Ulcerate - Shrines Of Paralysis album review

New Zealand avant-savants mix clarity with terror

cover art for Ulcerate's Shrines Of Paralysis

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Death metal’s slow return to the depths of the abyss over the last few years has conjured many great things, but it’s hard to shake off a sense that people must like the idea of bands like Ulcerate more than the often impenetrable reality of the art itself.

This is intensely internal music, wrung from the darkest depths of the New Zealanders’ collective consciousness and spewed out with flailing abandon like Cthulhu bursting through the earth’s surface. It speaks of unimaginable horrors, as barbarous and excruciating maelstroms of dissonance and rhythmic ebb and flow like the opening Abrogation and the unnervingly bleak There Are No Saviours unfold. Unlike obvious peers Portal, Ulcerate don’t sublimate their nihilism from within a dense cloak of hazy noise; the streamlined grotesque of Extinguished Light and the epic, doom-sodden title track wield great emotional clout because you can hear everything that is going on, albeit raw and unvarnished as post-metal nature intended. Another evolutionary jump for these shadowy Kiwis, but not one that caters to the easily bewildered.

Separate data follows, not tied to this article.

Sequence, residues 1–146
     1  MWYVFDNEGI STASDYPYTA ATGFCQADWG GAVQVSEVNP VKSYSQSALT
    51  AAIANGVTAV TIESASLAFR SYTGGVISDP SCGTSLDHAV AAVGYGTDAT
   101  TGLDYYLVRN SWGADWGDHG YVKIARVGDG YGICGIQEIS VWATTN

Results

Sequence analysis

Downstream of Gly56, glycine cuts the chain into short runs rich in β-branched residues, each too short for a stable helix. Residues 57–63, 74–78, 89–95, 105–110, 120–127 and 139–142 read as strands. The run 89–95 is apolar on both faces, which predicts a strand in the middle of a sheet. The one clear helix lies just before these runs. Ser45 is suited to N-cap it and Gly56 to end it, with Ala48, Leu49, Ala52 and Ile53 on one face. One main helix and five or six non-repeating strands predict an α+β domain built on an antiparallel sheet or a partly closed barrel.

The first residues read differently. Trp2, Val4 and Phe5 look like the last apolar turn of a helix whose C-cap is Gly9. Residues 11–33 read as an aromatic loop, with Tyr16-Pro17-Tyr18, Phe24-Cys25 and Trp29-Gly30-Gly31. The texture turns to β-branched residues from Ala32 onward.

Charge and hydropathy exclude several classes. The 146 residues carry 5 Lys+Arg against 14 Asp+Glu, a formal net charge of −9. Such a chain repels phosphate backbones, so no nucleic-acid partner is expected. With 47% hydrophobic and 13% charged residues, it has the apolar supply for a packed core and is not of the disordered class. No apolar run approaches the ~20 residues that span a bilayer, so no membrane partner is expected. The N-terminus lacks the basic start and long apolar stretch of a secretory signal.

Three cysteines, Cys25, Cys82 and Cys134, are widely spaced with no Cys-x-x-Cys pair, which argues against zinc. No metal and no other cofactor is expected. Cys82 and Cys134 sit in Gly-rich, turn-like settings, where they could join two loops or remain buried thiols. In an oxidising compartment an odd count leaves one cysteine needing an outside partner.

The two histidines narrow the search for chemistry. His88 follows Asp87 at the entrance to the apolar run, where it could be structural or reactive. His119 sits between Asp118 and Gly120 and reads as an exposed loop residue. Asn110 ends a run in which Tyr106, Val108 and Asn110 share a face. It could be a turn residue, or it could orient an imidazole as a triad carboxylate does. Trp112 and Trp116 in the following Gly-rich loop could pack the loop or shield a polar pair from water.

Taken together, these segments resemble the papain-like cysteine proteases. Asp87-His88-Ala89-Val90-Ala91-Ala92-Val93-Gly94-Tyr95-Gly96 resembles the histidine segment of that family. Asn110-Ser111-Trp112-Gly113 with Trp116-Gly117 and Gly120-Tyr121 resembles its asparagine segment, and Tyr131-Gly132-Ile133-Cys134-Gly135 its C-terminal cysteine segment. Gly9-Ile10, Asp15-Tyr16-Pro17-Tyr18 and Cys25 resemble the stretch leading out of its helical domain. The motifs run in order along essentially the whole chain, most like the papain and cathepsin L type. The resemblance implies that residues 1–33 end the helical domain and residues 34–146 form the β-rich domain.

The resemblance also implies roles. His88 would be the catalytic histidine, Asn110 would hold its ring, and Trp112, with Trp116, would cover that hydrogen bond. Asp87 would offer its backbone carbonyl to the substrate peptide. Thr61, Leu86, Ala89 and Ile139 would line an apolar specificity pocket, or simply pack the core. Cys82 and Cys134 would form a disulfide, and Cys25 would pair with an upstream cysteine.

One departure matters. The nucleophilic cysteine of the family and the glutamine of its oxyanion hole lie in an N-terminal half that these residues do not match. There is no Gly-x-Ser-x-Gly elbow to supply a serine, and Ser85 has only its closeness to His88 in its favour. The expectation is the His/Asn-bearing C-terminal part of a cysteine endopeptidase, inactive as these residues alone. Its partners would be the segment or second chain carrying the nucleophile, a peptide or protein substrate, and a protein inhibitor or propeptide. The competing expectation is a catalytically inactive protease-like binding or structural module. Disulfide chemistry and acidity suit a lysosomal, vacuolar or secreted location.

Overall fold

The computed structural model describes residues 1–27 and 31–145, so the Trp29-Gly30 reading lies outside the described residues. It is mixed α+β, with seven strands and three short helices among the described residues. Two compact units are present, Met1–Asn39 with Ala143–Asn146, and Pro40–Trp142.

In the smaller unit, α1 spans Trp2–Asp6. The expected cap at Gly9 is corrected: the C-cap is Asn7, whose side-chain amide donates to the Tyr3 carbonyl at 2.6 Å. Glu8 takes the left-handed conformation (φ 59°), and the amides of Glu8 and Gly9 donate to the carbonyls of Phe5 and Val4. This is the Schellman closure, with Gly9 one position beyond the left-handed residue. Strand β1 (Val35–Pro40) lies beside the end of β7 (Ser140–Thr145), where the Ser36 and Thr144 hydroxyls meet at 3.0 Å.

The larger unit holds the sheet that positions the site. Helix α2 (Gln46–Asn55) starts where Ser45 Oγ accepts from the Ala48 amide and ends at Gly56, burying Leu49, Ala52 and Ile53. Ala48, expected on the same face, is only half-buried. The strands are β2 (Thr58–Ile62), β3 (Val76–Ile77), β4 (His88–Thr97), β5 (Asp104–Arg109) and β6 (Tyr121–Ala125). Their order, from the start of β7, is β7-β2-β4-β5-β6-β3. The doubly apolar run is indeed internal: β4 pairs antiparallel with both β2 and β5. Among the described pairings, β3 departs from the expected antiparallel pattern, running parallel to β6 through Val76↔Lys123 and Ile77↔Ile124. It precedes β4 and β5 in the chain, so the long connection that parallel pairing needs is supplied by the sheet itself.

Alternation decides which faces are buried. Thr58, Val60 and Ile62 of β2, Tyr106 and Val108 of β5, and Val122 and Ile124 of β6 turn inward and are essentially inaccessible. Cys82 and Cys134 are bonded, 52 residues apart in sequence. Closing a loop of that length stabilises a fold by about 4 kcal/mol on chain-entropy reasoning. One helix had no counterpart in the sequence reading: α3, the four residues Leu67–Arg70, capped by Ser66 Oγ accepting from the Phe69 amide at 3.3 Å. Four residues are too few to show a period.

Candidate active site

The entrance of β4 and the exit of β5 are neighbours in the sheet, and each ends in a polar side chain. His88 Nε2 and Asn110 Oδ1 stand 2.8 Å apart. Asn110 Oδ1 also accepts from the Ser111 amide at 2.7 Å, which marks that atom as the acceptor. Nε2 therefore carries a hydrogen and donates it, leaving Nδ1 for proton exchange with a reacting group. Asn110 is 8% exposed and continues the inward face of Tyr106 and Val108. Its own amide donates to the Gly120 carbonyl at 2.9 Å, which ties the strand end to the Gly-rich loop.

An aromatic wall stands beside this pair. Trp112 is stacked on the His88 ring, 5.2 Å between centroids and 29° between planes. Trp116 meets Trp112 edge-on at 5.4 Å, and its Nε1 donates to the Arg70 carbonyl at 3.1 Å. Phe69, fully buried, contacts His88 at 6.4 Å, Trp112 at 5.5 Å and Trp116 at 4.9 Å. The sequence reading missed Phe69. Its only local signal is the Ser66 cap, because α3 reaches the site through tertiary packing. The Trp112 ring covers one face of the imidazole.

Dom Lawson has been writing for Metal Hammer and Prog for over 14 years and is extremely fond of heavy metal, progressive rock, coffee and snooker. He also contributes to The Guardian, Classic Rock, Bravewords and Blabbermouth and has previously written for Kerrang! magazine in the mid-2000s.